But as Hirsi Ali grows up, she observes that honoring the system her grandmother and mother venerate is quite likely have the same sad result. One by one, her terrified friends are married off to strangers, often to become the second or third wife to an older man. Her own mother is the second wife of Hirsi Ali's father, who abandons them in a war zone while he starts another family with wife No. 3.
Hirsi Ali's family is fairly modern and liberal by the standards of Mogadishu. Her father is a political activist and anything but a religious fanatic. But that doesn't her from the gruesome practice of female excision. Though her mother was against the practice, her traditional grandmother seized the 5-year-old child while her mother was out of town and — in the book's most chilling and graphic passage — has her ritually circumcised.
As Hirsi Ali bluntly explains, "In Somalia, like many countries across Africa and the Middle East, little girls are made 'pure' by having their genitals cut out." While female circumcision may not be required by Islam, she adds, whenever she was abused for being female, the Quran was given as a justification.
She and her girlfriends found hope and inspiration in the unlikeliest of places -- Nancy Drew mysteries and Harlequin romances. To them, a world in which women could make any kind of determinative choice about their own lives and destinies was as magical as Narnia is for Western kids.
As Hirsi Ali and her family bounce from civil war in Somalia to an apartment in Mecca, from the relative calm in Nairobi to the refugee camps at the Somali border, one thing remains constant: women's lives are at the whim of the men around them.
In her adolescence, Hirsi Ali tries to satisfy her culture by embracing the preaching of the Muslim Brotherhood, but she eventually drifts toward an independent mind. The last straw is when her father arranges a marriage to a dolt from their clan who has immigrated to Canada. En route, Ayaan bolts to the Netherlands by way of her layover in Germany and is granted political asylum, though she has to embellish her personal story to get it.
Hirsi Ali is so dazzled by the orderliness and civility of Holland after the grime, wars and brutishness of her past homes that she wonders if citizens can even be motivated to vote. But she eventually becomes politically active when she sees Islam's Sharia law being imported to her new homeland in its unassimilated Muslim communities.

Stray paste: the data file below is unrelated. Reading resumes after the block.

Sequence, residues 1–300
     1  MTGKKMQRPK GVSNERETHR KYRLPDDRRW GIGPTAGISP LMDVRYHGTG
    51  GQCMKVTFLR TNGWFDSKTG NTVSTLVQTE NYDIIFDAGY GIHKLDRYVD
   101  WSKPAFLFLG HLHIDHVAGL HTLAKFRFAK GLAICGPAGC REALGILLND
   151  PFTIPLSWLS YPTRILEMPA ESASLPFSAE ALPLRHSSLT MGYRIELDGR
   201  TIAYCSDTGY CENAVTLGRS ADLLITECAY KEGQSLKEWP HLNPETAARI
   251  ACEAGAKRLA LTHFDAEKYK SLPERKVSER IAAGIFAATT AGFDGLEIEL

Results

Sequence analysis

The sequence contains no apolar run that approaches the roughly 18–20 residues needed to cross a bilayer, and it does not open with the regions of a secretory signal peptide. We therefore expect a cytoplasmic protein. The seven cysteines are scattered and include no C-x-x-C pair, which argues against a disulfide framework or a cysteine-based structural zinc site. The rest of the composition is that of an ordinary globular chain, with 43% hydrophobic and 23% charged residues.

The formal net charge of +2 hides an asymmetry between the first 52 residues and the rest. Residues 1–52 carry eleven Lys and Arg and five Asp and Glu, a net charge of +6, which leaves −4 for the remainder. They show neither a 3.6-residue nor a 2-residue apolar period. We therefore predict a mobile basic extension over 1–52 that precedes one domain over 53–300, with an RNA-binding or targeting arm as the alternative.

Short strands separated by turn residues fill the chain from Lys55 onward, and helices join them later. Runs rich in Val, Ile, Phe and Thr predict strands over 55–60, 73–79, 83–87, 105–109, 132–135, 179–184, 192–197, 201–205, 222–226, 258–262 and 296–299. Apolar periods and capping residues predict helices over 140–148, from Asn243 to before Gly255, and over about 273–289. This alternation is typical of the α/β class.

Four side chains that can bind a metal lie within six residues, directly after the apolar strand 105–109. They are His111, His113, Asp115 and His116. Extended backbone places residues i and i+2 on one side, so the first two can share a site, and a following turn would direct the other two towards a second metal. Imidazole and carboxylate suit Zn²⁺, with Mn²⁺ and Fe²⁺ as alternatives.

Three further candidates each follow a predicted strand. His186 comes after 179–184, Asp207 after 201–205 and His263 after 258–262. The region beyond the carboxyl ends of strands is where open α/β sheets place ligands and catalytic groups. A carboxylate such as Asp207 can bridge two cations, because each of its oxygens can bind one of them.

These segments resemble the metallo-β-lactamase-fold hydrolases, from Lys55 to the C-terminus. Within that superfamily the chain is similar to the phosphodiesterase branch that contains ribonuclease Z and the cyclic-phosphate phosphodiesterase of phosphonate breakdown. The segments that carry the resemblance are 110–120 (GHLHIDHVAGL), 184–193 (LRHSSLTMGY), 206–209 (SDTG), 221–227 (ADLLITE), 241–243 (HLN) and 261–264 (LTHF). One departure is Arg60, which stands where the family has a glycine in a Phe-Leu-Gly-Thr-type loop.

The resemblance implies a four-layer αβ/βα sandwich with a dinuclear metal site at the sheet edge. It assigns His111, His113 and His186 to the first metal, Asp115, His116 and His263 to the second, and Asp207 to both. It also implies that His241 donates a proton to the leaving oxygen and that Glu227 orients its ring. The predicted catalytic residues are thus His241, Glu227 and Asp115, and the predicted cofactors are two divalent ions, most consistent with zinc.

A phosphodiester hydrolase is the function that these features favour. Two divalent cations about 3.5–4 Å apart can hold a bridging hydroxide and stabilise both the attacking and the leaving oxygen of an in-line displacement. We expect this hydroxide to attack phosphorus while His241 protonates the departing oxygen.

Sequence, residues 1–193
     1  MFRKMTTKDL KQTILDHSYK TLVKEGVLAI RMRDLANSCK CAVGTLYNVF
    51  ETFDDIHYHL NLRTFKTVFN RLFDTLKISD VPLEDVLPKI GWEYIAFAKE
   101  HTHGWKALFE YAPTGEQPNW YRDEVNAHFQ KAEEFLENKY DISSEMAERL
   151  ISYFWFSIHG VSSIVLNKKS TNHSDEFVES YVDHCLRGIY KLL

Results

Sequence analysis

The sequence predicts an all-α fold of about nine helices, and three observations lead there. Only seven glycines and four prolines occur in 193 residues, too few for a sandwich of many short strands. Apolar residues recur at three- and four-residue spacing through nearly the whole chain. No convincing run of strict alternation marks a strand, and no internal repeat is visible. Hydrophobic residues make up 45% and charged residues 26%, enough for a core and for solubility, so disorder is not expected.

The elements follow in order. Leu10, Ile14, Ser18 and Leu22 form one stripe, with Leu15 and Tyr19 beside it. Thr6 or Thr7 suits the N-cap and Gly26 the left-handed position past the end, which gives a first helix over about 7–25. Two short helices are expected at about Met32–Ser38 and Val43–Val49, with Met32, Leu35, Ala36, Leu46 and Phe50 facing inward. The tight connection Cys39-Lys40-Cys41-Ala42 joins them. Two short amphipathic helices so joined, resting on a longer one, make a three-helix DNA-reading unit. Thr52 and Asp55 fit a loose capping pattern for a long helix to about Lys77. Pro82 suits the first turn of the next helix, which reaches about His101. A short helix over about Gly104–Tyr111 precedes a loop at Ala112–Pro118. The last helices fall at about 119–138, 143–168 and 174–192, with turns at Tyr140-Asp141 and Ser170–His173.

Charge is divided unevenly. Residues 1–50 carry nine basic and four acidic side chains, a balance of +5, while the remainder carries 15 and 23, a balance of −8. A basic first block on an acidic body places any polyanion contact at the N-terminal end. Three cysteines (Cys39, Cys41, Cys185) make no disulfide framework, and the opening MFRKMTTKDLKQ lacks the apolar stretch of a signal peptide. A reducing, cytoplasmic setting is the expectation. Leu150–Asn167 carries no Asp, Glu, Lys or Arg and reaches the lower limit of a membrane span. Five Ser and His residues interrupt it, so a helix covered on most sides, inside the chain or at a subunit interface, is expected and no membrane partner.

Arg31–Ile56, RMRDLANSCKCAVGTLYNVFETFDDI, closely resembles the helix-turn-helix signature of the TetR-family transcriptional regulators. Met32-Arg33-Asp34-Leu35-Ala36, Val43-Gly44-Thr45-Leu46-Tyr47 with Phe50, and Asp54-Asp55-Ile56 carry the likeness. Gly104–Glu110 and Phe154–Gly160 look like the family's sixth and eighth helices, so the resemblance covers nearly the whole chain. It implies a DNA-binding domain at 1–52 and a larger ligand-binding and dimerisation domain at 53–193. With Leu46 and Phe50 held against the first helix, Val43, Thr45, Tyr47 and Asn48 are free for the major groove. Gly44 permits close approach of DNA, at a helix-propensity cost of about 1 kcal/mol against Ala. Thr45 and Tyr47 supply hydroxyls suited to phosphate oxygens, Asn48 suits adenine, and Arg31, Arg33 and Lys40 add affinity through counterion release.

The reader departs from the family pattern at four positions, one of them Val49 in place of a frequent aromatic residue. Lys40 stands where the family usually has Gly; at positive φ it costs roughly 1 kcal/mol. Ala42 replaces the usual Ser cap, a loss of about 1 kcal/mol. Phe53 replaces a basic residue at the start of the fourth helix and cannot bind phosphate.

While she was dazzled by the freedom of Europe and the efficiencies of modern life when she arrived, she became more sophisticated. Her crusade began as an effort to reform the Dutch multicultural attitude toward Muslim immigrants, and her naivete does not grow during her involvement in politics.
The attacks of 9/11 are the last straw for Hirsi Ali's faith. She examines Osama bin Laden's quotes from the Quran and finds they are accurate. She rejects not only Islam, however, but the notion that a God exists at all. She writes:
"I left the world of faith, of genital cutting and forced marriage for the world of reason and sexual emancipation. After making this voyage I know that one of these two worlds is simply better than the other. Not for its gaudy gadgetry, but for its fundamental values."
Hirsi Ali describes the condition of vast numbers of Muslim woman as the next thing to slavery. She advocates an idealistic aggressiveness that goes beyond what even Bush has engaged in:
"We in the West would be wrong to prolong the pain of that transition unnecessarily, by elevating cultures full of bigotry and hatred toward women to the stature of respectable alternative ways of life."
U.S taxpayers already support the Arabic TV network Al Hurra. How about instead of running speeches by Hezbollah leader Sheikh Hassan Nasrallah and lending credence to Iran's Holocaust denial panel, giving Hirsi Ali a platform to speak to women in the Muslim world about what the West is really about? Why not run features on the new freedoms given to Afghanistan's women thanks to the United States?
The United States should also make clear that we will secure the blessings of liberty for Muslim women within our own borders. It should be clear to everyone that Sharia is not operational in the United States — unlike concessions being made in some European countries. Spousal abuse laws must be enforced as strictly in immigrant enclaves in Michigan and Minnesota as they are in Manhattan, and the victims will be protected even if it means granting political asylum.
Ayaan Hirsi Ali is the Frederick Douglass of women living under the oppression of Sharia Law; and conservative organizations—especially on campus—should be moving heaven and earth to get her as a speaker.
She is as potentially valuable to the fight against Islamofascism as Alexander Solzhenitzen was to the struggle against Communism. The mainstream media may never embrace her, but it's high time the Bush administration—and the rest of us—make up for this defect.